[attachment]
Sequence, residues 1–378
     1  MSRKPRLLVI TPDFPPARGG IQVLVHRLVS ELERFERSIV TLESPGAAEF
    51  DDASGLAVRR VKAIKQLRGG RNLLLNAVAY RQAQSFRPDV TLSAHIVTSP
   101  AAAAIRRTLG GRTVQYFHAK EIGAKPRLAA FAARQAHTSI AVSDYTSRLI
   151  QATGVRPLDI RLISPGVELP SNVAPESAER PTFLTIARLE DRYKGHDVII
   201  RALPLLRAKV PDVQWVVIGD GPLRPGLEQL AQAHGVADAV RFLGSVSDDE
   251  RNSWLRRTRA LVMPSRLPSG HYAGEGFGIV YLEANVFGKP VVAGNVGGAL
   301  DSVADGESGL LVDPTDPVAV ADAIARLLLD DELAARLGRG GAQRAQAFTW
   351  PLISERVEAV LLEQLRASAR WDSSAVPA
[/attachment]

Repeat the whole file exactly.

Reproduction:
Sequence, residues 1–378
     1  MSRKPRLLVI TPDFPPARGG IQVLVHRLVS ELERFERSIV TLESPGAAEF
    51  DDASGLAVRR VKAIKQLRGG RNLLLNAVAY RQAQSFRPDV TLSAHIVTSP
   101  AAAAIRRTLG GRTVQYFHAK EIGAKPRLAA FAARQAHTSI AVSDYTSRLI
   151  QATGVRPLDI RLISPGVELP SNVAPESAER PTFLTIARLE DRYKGHDVII
   201  RALPLLRAKV PDVQWVVIGD GPLRPGLEQL AQAHGVADAV RFLGSVSDDE
   251  RNSWLRRTRA LVMPSRLPSG HYAGEGFGIV YLEANVFGKP VVAGNVGGAL
   301  DSVADGESGL LVDPTDPVAV ADAIARLLLD DELAARLGRG GAQRAQAFTW
   351  PLISERVEAV LLEQLRASAR WDSSAVPA